On December 6 at 10:20 PM CST, CNN projected Cao the winner. Final unofficial results on the Louisiana Secretary of State's web site showed Cao with 33,122 (49.55%), Jefferson 31,296 (46.82%), Kahn 548 (0.82%), and Rahim 1,880 (2.81%). Jefferson won by 23,197 to 20,246 in Orleans Parish, where 21 of the 392 precincts showed zero votes for Cao, but Cao more than made up the difference with a margin 12,696 to the incumbent's 8,099 in Jefferson Parish.
|Democratic||William J. Jefferson (incumbent)||31,296||46.81%|
|Republican gain from Democratic|
See also: Louisiana's 3rd congressional district
Democratic incumbent Charlie Melancon ran unopposed for re-election. CQ Politics forecasted the race as 'Safe Democrat'.
See also: Louisiana's 4th congressional district
The election was held on December 6, 2008.
Incumbent Jim McCrery retired, making this an open seat. The district contains northwestern Louisiana, including the cities of Shreveport, DeRidder, and Natchitoches. The district usually, but not reliably, votes Republican. Bill Clinton won it comfortably in 1996. CQ Politics' forecast of the race was "No Clear Favorite".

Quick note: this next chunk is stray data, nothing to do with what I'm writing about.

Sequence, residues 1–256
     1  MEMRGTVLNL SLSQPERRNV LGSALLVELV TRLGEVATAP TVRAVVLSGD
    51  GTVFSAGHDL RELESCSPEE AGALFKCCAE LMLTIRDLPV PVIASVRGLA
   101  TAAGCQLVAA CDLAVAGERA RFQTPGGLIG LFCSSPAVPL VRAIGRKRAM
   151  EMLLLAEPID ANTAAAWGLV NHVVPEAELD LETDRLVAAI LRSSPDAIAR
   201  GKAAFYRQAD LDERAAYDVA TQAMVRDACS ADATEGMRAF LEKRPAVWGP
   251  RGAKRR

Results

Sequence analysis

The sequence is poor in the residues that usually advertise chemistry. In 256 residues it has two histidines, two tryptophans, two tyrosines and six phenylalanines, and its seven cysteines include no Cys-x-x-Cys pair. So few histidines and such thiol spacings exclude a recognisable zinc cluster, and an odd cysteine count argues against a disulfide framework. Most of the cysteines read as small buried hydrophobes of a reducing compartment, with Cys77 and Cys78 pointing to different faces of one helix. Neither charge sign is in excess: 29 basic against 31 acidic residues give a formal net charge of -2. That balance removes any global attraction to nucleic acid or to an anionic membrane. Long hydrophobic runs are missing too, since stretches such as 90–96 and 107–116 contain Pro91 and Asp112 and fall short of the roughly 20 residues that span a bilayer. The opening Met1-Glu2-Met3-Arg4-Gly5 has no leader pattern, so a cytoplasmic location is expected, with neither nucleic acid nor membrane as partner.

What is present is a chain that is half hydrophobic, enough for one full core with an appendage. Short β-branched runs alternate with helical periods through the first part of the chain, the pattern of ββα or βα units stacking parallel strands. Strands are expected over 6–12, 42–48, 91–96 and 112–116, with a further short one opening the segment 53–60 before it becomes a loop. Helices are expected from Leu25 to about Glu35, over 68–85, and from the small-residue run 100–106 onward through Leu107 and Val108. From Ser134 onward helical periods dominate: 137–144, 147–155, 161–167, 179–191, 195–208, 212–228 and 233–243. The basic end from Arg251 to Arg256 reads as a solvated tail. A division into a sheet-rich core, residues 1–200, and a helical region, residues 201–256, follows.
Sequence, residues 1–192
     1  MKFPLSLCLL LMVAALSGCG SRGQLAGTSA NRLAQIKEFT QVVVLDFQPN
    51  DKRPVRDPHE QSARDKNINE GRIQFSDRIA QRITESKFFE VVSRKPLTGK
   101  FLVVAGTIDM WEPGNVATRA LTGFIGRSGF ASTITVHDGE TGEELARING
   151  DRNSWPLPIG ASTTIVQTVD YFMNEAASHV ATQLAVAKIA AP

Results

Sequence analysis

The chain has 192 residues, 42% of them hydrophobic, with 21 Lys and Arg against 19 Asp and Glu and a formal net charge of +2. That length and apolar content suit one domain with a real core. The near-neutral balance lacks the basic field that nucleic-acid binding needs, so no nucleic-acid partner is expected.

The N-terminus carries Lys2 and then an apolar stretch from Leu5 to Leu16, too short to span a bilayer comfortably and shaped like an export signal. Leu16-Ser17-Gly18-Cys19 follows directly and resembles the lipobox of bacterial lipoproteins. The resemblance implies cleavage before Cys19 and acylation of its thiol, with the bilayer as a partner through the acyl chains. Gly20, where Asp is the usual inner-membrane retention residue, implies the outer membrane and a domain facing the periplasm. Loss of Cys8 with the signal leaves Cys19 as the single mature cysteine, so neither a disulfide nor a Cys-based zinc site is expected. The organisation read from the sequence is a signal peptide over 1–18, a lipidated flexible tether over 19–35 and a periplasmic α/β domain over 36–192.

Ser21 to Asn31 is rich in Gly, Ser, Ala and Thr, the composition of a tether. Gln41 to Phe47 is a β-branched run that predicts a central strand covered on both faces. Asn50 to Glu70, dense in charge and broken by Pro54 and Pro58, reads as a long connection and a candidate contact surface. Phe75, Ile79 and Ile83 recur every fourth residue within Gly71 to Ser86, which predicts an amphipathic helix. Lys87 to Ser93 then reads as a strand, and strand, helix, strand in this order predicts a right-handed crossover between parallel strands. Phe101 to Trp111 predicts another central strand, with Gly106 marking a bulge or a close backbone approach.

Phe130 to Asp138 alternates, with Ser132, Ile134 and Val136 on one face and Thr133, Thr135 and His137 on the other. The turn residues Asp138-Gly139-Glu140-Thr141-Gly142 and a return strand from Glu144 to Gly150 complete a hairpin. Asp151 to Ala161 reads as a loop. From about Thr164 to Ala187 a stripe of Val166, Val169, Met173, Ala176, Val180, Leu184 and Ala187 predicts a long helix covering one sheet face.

The Republican nominee was physician John Fleming (campaign website) of Minden, the seat of Webster Parish. Fleming, a former Webster Parish coroner and a businessman defeated trucking company executive Chris Gorman in the Republican runoff primary held on November 4.
The Democratic candidate was Caddo Parish District Attorney Paul Carmouche (campaign website), who defeated African American attorney Willie Banks, Jr., in his party runoff on November 4. Republican candidate Jeff Thompson, despite being endorsed by Jim McCrery, was defeated in the first Republican primary, as were Democratic candidates Artis Cash and John Milkovich, later elected to the Louisiana State Senate. Patti Cox, local party organizer and environmental consultant and a 2006 candidate against McCrery, did not enter the 2008 race.